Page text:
Would you believe … ?
Movies based on old TV sitcoms should all be as good as Get Smart. In fact, if the shade of the late Don Adams will forgive me for saying it, the original Get Smart should have been this good.
The Get Smart trailer has been playing in theaters and on YouTube for most of the last year, and it’s a 24-karat hoot—so now that the movie is here, we can’t really say it’s a surprise. But it’s certainly a relief; there was always that nagging little worry that the trailer was building us up to expect more than the finished product would deliver. So relax, everybody—some of the best moments may be in the trailer, but not all of them, or even most. Not by a long shot.
First things first: Casting Steve Carell as secret agent Maxwell Smart was truly inspired. Early on, Jim Carrey was connected with the project, and while Carrey would no doubt have been funny, he probably wouldn’t have had that quality of dogged, hard-working, good-hearted cluelessness that goes to the heart of Agent 86, and which comes so naturally to Carell. Last year, when the trailer first started playing and Carell rose into view in that secret-entrance phone booth, a light bulb came on in the heads of the sitcom’s longtime fans. It was the perfect pairing of a new star and an old character—indeed, have any of the last three James Bonds seemed so right at the mere mention of the actor’s name?
Thankfully, the inspirations didn’t stop with Carell. With 11 producers, co-producers and executive producers listed in the credits (including Carell himself), it’s hard to know whom we should thank for having Anne Hathaway (virtually the reincarnation of Barbara Feldon) as Agent 99, or Alan Arkin as the Chief of Control (matching the exasperated gravitas of Ed Platt with a comic intensity all his own), or Terence Stamp as the supervillain Siegfried, or Dwayne Johnson as superstar Agent 23, or Patrick Warburton as Hymie the robot (making a late appearance here, but promising more in the inevitable sequel).
Get Smart is written by Tom J. Astle and Matt Ember and directed by Peter Segal. Their résumés are decent enough, as run-of-the-mill Hollywood work goes—Segal directed 50 First Dates and Anger Management, among others, while Astle and Ember wrote Failure to Launch and various TV episodes—but there’s little to suggest the sharp and clever work they do here. The creators of the original Get Smart series, Mel Brooks and Buck Henry, are credited as “consultants,” and it’s easy to believe that they were not only consulted, but listened to (especially Henry, who has a lower showbiz profile than Brooks, but a more refined sense of comic structure). Astle and Ember’s script is a seamless blend of comic invention and spy-caper plotting, logical enough to hold our attention but outlandish enough to spoof the genre. There’s more genre to spoof now, too: The original series had only James Bond and The Man From U.N.C.L.E.; now there’s Mission: Impossible and Jason Bourne, plus 40 more years of Bond.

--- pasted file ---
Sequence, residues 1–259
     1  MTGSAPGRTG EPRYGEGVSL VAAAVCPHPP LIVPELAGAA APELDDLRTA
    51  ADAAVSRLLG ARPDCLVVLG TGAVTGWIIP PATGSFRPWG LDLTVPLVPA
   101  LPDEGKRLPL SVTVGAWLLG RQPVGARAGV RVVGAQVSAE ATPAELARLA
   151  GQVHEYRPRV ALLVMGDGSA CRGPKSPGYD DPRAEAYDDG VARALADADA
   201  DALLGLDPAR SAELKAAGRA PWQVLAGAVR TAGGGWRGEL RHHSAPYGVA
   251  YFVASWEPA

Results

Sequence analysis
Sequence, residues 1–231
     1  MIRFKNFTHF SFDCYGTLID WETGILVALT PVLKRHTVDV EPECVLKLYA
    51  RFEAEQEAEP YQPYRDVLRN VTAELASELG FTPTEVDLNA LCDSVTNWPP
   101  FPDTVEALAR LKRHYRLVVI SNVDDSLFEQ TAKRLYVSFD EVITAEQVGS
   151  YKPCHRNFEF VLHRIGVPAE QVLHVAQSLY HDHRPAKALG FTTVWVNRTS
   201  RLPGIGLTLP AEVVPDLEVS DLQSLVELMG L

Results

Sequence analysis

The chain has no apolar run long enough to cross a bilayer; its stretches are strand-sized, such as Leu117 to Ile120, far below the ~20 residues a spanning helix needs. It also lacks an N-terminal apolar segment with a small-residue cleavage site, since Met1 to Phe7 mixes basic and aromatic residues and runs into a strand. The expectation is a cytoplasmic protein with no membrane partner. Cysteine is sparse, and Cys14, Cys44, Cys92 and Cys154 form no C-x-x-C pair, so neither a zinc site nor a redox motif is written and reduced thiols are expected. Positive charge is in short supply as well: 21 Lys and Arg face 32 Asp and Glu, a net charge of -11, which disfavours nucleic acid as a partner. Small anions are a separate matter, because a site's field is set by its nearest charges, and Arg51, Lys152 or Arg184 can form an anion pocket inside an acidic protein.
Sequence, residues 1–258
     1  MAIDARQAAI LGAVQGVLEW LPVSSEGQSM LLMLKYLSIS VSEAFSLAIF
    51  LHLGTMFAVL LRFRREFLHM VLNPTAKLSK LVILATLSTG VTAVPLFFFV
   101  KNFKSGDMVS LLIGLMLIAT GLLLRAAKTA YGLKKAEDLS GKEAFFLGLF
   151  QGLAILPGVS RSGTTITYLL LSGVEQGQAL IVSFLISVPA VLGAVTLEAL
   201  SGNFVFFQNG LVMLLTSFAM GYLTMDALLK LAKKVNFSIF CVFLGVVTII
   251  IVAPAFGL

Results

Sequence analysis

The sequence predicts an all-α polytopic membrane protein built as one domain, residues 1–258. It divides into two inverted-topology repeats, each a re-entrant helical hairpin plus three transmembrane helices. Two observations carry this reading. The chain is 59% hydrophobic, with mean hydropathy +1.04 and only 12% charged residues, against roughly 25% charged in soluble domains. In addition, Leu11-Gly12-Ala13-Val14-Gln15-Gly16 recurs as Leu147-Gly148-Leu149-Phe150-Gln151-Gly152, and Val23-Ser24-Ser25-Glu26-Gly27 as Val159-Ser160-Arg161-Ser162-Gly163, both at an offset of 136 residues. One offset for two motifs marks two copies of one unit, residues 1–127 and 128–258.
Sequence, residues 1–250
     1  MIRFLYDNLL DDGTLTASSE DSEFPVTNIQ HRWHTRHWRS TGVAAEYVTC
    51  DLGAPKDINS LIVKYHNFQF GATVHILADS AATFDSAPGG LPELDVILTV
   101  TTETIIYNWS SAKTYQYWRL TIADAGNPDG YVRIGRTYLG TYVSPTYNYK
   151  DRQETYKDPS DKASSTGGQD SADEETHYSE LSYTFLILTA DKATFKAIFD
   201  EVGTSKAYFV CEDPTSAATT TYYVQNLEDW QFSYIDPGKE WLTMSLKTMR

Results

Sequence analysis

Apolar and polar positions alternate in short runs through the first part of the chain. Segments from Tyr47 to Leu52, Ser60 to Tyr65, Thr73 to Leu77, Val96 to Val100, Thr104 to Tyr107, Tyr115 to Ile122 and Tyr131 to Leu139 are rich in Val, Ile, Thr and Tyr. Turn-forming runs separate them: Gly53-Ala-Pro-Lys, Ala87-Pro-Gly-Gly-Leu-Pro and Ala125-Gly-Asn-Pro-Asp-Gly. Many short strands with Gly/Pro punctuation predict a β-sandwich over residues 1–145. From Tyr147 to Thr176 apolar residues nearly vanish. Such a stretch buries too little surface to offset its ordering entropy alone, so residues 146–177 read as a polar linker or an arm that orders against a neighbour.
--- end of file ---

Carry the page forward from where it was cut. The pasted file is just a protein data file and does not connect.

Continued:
The seamlessness of the movie—the pitch-perfect cast, Segal’s light-footed pacing, Dean Semler’s sparkly cinematography, Trevor Rabin’s frisky music (deftly incorporating Irving Szathmary’s iconic original theme)—all of that is merely icing on the cake. The cake itself is the fact that Get Smart is very, very funny, building laugh upon laugh from scene to scene. It doesn’t front-load its best gags into the first half-hour and wear out its welcome before it’s an hour old; the laughs build within scenes to a good payoff, with each scene’s laughs building on the ones that went before. This is another area where I see the influence of Buck Henry—the current incarnation of Get Smart has more in common with Henry’s scripts for The Graduate and What’s Up, Doc? than with Brooks’ for Blazing Saddles or High Anxiety.
True art in movies is wonderful, but a well-made product that doesn’t abuse or insult its audience has its place, too. Get Smart is Hollywood moviemaking at its best—everybody’s on the same page and having a high old time, and the fun is infectious.